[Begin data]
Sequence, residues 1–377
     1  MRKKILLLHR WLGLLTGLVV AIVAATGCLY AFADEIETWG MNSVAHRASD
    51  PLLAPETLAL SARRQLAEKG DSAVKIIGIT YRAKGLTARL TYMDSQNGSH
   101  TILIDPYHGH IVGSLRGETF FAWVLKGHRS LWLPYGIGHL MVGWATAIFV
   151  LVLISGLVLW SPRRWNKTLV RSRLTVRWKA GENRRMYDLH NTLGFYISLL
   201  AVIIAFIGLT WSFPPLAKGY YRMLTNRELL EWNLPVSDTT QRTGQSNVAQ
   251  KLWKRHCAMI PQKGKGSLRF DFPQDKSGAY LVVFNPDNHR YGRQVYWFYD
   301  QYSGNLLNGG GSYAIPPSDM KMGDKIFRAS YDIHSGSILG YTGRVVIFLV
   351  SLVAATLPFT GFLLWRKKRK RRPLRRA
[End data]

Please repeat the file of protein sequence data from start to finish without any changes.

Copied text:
Sequence, residues 1–377
     1  MRKKILLLHR WLGLLTGLVV AIVAATGCLY AFADEIETWG MNSVAHRASD
    51  PLLAPETLAL SARRQLAEKG DSAVKIIGIT YRAKGLTARL TYMDSQNGSH
   101  TILIDPYHGH IVGSLRGETF FAWVLKGHRS LWLPYGIGHL MVGWATAIFV
   151  LVLISGLVLW SPRRWNKTLV RSRLTVRWKA GENRRMYDLH NTLGFYISLL
   201  AVIIAFIGLT WSFPPLAKGY YRMLTNRELL EWNLPVSDTT QRTGQSNVAQ
   251  KLWKRHCAMI PQKGKGSLRF DFPQDKSGAY LVVFNPDNHR YGRQVYWFYD
   301  QYSGNLLNGG GSYAIPPSDM KMGDKIFRAS YDIHSGSILG YTGRVVIFLV
   351  SLVAATLPFT GFLLWRKKRK RRPLRRA